The best photographer’s past and present work thematically, specifically on projects. They’re not out there trying to shoot offs, hoping that they will get discovered because of one single image. Instead, they are trying to produce a body of work. True, one picture may catch the right person’s attention or go viral. Most likely, they created that work while the photographer was working within the scope of a larger project or theme. They were working on something that goes beyond scratching the surface. The masters take deep dives into their subjects that can require years of research, planning, and work. So it goes in life. If you feel like you’re spinning your wheels, it may be worthwhile to ask, What are you willing to dive into? When was the last time you did it? Try giving yourself the freedom to get absorbed by what you’re doing and become a specialist. Seeing projects come to completion gives you a sense of accomplishment and adds to the portfolio of your life experiences. The next time you’re looking for direction, try thinking about what project you can cook up that will keep you engaged and focused enough to see it through to the end. Most photographers believe that the process of capturing amazing images happens one at a time, almost as a stroke of luck. Nothing could be further from the truth. Those fantastic images that you see gracing the pages of publications like National Geographic come from the labor of love that comes with dedicating yourself to working on projects. Immerse yourself in a project to become a master of your craft.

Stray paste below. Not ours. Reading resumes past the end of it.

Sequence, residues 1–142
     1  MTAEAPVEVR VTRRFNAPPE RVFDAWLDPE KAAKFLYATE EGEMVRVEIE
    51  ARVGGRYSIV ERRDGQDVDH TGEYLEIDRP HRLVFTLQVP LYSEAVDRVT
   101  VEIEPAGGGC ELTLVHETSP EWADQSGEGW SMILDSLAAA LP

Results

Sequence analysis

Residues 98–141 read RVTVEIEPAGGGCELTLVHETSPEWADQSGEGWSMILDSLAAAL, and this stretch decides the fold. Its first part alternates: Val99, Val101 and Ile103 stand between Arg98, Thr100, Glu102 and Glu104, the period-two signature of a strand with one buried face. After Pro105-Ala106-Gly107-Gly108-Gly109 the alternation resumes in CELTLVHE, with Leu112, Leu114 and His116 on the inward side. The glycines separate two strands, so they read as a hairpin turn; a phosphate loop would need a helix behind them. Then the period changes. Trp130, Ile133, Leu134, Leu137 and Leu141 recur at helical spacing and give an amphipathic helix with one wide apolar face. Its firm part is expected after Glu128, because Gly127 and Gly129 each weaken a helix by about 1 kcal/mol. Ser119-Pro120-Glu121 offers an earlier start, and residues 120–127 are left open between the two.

Recreate your best mistakes.